At one level, this disc is an enterprising and brilliant promotional tool – one could hardly imagine a better way of bringing their opera to the notice of potential programmers. It is also a fascinating document in terms of the new possibilities available to composers, in this instance pioneered by someone who is also an experienced conductor. In my view it is also a very worthwhile musical experience in its own right, a new work with an orchestral rendition of great accuracy and clarity, performed by a very strong cast, who one assumes is the composer’s ideal. This disc is strongly recommended to those interested in opera, Australian music, and further to those who are inclined to perform new Australian operas.
Loudmouth June 2019
He developed his “digital orchestra” by using sound samples from the Vienna Symphonic Library and East West Quantum Leap virtual instruments, along with some powerful software. The process draws on his skills as a horn player and concert pianist, conductor of conventional orchestras and composer, and the results are very impressive.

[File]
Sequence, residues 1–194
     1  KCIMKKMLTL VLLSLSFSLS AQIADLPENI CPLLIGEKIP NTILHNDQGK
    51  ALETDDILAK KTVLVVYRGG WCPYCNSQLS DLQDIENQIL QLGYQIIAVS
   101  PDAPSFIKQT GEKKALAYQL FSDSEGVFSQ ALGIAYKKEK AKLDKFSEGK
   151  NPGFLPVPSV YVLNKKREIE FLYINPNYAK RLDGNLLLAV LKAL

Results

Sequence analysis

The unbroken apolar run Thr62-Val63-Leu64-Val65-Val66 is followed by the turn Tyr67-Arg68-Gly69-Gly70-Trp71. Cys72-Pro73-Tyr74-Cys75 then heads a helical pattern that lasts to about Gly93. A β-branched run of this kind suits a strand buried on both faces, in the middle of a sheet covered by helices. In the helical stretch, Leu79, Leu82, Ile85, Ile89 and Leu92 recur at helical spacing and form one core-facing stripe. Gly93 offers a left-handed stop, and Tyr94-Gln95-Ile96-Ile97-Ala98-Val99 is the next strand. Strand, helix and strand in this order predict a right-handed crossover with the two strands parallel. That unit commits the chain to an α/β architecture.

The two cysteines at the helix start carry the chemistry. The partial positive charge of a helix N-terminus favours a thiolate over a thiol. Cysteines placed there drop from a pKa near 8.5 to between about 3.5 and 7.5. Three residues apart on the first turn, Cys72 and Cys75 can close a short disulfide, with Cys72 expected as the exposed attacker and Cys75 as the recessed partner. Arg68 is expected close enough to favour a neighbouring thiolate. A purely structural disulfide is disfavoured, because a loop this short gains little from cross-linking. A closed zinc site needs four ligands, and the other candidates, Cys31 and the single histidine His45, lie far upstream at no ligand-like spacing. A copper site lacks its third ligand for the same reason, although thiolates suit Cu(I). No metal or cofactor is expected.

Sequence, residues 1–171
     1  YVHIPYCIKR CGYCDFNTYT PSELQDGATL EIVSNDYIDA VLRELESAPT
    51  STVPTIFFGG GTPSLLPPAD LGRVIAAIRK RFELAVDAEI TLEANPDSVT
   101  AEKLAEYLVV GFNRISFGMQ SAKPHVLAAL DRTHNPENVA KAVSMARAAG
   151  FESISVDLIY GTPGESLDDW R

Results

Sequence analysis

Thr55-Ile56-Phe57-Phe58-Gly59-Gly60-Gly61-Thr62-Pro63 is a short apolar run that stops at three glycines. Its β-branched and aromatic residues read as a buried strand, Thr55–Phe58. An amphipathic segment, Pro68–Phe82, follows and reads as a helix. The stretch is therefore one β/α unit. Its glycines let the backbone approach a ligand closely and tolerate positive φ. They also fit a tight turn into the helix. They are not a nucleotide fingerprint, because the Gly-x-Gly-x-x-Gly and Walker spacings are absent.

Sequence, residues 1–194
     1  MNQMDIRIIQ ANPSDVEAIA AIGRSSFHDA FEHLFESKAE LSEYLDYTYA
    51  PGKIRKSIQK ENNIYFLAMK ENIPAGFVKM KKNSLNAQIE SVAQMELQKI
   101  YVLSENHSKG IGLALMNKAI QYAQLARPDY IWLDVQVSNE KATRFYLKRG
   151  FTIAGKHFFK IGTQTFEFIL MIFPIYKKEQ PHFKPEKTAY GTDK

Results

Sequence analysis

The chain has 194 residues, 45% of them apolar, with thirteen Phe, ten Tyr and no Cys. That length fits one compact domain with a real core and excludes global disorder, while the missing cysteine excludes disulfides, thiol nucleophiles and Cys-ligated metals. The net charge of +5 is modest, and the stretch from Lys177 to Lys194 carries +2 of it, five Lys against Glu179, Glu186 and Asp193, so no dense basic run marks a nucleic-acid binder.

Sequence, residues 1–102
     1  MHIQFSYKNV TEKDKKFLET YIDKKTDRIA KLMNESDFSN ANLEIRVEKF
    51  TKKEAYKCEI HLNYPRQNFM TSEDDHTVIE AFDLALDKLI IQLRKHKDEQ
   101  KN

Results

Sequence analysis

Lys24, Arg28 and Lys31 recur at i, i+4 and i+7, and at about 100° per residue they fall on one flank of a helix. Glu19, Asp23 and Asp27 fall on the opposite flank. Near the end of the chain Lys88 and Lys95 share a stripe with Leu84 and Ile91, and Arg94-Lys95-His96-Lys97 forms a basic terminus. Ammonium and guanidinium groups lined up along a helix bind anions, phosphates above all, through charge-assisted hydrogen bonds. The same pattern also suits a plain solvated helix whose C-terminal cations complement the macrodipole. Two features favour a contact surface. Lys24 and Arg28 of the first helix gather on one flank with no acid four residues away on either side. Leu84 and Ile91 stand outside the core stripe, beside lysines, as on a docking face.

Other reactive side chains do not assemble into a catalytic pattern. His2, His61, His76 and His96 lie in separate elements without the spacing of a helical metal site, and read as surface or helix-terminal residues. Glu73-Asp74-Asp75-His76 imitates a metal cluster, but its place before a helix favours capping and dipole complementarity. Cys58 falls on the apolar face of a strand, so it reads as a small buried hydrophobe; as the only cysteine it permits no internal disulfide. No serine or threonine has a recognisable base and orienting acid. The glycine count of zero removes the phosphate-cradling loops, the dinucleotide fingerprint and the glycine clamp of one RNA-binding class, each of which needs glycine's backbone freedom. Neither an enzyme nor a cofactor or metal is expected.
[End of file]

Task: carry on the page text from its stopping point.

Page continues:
This is not the organic, textured experience you get from listening to a live orchestra — there are no fluffs or bum notes, of course, and everything is digitally smooth — but the difference is hard to pick even for the most experienced ear.
Stanhope now has three CDs out on the Tall Poppies label using this approach including one, Australian Premieres, which features symphonies by three lesser known Australian composers — George Marshall-Hall (1892), David Sydney Morgan and Peter Tahourdin (1994) — which have never been performed.
At the same time Stanhope released Australian Fantasia, a collection of his own orchestral works, some dating back to the 1990s, all unperformed with the exception of Olympic Fireworks, which was part of the 2000 Sydney Olympics Opening Ceremony.